The PWD plot (encircled) where the club wanted to organise the puja. Picture by Pranab Debnath
Calcutta, Nov. 14: The alleged police firing at Tehatta that killed one person has given Opposition parties the chance to dub police “trigger-happy” amid murmurs of cops assuming more power than the civil administration since the change of guard at Writers’.
Only an independent inquiry can reveal the reasons that may have led Shailesh, the Tehatta subdivisional police officer (SDPO) to allegedly fire at a mob, but Opposition parties said chief minister Mamata Banerjee, who also holds the home portfolio, would have to shoulder responsibility for the death. A magisterial probe has been ordered.
In the past 18 months, five persons are reported to have died in four instances of alleged police firing.
“The police force is trigger-happy and they don’t know how to handle a mob situation. The chief minister has to take responsibility for the death of a protester,” said Rahul Sinha, the state BJP president.
The trigger behind today’s protest was the administration’s apparent refusal to grant permission to a club to organise a Jagaddhatri puja on a plot in Tehatta. The protesters had called a bandh in the area and staged a roadblock.
Senior Nadia administration officials, however, said they did not deny permission and had only requested the organisers to shift the puja to another plot, three times bigger than the one the club had identified.
What the administration had done to resolve the problem, however, was swept away as Congress and CPM leaders echoed Sinha as they prepared to launch a fresh attack on the government for its “failure” to handle law and order problems.
The Telegraph has learnt that subdivisional officer (SDO) Sudipto Chakraborty, who had been speaking with local clubs on shifting the puja venue, was not present at the spot when a police team went to lift the blockade.
“Either Chakraborty or other officers of the district’s civil administration should have played a bigger role in negotiations with the protesters to avoid a flare-up,” a senior government official said.
CPM state secretariat member Rabin Deb, who led a party team to Nadia headquarters Krishnagar this evening, said the firing was “unnecessary” and blamed “lack of planning” by the police for the loss of life. The CPM has decided to hold a series of protests in the Tehatta subdivision, where the party retained all three Assembly seats — Tehatta, Karimpur and Palashipara — in last year’s polls.
The Congress also criticised the government, smelling an opportunity to corner Mamata and question the role of the police force — a department directly under the chief minister.
“The chief minister has more faith in the police force than the civil administration that comprises the district magistrate, the SDO, down to the level of the block development officer. She interacts directly with police officers and often the civil administration is not in the loop. This has created confusion,” said an official.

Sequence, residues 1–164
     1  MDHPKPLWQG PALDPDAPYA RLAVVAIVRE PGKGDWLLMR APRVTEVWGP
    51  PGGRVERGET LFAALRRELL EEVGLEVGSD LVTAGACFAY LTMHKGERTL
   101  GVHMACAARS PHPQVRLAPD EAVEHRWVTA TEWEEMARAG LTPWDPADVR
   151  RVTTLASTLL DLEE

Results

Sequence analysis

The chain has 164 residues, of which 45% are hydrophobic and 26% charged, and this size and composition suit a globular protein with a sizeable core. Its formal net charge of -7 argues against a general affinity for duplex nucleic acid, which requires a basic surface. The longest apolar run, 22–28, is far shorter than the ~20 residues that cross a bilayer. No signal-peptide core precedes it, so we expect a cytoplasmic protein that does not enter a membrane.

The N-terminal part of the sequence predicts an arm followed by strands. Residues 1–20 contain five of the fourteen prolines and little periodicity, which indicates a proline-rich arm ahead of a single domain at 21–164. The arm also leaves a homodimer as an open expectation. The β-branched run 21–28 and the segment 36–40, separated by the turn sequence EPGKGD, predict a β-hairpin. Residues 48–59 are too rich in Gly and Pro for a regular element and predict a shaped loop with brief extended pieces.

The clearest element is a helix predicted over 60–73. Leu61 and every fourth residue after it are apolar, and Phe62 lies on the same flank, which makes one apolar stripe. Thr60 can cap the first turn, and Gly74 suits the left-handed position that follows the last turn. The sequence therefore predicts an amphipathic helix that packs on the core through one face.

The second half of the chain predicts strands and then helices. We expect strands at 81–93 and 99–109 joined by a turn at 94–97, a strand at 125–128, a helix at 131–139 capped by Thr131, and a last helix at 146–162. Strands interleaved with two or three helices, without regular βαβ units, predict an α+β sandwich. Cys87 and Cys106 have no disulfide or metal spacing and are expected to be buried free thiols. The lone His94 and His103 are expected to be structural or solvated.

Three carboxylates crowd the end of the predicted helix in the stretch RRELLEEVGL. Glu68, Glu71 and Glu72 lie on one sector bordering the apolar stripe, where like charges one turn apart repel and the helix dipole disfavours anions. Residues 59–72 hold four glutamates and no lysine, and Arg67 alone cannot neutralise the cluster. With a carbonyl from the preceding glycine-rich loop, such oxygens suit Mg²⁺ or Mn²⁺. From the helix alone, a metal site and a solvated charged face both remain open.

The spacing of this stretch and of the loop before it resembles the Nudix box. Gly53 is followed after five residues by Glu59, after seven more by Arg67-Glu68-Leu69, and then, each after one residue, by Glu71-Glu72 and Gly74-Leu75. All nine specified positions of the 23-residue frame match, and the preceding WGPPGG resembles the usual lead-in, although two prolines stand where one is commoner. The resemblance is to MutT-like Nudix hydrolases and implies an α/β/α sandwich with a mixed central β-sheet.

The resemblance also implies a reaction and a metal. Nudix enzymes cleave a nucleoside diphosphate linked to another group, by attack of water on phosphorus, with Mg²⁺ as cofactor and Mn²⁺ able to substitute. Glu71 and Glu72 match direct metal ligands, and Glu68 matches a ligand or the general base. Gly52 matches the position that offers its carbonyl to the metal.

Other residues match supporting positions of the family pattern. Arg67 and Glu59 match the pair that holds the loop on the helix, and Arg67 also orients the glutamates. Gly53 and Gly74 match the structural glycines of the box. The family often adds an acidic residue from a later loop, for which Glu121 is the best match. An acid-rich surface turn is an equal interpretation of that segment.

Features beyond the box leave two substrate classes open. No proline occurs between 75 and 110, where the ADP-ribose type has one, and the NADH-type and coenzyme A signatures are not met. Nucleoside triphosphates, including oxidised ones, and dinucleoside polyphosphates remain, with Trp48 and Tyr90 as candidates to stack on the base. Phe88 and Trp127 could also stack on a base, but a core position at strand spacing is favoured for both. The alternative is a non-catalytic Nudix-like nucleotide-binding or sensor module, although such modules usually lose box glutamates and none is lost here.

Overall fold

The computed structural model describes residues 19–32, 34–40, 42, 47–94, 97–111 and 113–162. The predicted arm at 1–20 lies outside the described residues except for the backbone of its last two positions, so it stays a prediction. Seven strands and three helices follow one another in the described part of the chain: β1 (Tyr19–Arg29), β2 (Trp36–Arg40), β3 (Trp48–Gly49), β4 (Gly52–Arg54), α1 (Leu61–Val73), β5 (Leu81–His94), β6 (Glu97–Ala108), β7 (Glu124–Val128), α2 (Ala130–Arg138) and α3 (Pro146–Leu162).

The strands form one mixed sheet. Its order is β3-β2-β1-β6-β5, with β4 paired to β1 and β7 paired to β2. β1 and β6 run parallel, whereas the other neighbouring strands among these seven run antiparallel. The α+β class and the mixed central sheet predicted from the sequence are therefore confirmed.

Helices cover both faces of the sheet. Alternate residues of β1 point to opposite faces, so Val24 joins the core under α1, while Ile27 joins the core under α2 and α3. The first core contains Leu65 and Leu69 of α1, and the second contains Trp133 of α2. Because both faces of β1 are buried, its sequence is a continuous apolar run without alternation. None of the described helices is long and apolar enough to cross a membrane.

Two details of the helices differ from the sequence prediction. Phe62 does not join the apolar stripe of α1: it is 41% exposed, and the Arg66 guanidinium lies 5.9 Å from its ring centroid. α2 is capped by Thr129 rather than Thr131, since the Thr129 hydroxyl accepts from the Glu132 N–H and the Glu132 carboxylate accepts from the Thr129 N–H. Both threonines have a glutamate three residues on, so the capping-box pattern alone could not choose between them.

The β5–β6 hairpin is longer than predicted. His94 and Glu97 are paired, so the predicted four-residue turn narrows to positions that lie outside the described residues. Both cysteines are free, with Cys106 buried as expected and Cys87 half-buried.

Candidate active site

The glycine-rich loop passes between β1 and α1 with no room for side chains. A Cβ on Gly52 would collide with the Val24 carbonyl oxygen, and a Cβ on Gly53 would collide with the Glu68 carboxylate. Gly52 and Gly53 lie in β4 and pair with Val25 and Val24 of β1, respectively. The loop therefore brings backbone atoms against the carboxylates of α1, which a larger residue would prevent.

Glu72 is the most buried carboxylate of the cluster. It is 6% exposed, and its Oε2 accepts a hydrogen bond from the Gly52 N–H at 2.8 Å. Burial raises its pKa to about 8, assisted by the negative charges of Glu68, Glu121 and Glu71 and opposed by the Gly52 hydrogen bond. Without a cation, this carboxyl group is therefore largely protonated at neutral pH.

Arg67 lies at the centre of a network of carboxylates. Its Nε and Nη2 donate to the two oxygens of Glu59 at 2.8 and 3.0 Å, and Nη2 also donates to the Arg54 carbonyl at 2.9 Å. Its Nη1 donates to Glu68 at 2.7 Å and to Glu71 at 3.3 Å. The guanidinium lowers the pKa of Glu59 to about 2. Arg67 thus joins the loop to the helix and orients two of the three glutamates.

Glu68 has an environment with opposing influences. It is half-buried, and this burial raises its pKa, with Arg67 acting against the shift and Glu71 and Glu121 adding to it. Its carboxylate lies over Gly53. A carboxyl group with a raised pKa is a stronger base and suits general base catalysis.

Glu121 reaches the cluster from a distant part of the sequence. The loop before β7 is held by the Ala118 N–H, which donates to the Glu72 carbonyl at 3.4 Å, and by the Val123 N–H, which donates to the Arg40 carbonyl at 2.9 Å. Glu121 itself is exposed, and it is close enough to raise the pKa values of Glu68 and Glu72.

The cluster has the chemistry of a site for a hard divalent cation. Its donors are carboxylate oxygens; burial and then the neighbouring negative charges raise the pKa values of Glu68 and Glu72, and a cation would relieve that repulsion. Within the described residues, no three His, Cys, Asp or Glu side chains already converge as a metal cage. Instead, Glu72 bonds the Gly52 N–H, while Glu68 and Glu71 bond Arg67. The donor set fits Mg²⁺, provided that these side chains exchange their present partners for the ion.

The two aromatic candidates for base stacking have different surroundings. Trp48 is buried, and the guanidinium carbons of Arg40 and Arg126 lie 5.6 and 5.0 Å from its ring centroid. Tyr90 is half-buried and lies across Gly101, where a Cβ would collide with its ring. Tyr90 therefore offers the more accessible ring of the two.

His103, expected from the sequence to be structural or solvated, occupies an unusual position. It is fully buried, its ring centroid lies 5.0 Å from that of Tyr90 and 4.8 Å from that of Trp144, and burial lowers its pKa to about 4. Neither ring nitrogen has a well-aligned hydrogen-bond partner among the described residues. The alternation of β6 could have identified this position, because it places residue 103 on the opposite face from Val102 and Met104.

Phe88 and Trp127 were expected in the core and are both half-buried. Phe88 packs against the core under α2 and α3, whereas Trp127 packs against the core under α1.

The role of the civil administration in the Tehatta incident could not be independently verified, but senior government officials told this newspaper that the power of the police had increased vis-a-vis their counterparts in the civil administration.
The officials said it was an open secret at Writers’ that Mamata kept in touch with a section of senior police officers over text messages. These officers apparently inform the chief minister about incidents under their jurisdiction and take orders from her directly, bypassing the home secretary and the chief secretary.
“An able administrator has to follow the rules of administration. Ad-hocism is creating problems, which will increase as the police alone cannot tackle tricky issues,” a senior IAS officer said.
Had the civil administration got the opportunity to tackle flare-ups in Tehatta, Loba in Bibhum, Mograhat in South 24-Parganas and Bogula in Nadia, the outcome could have been different, the officer added.
Lobal residents had alleged that the police had fired at land protesters demanding higher prices for their plots last week. In Mograhat, a 14-year-old girl and a woman were killed in alleged police firing on villagers protesting snapping of power connections last December. On October 7 last year, the police allegedly opened fire during a clash over idol immersion in Bogula.
In all three cases, the government had denied the allegations of firing. In Tehatta, the government said, the police fired in “self-defence”.
“The police should have taken intelligence feedback on the kind of resistance they had the chance of facing and taken adequate preparations,” an official said.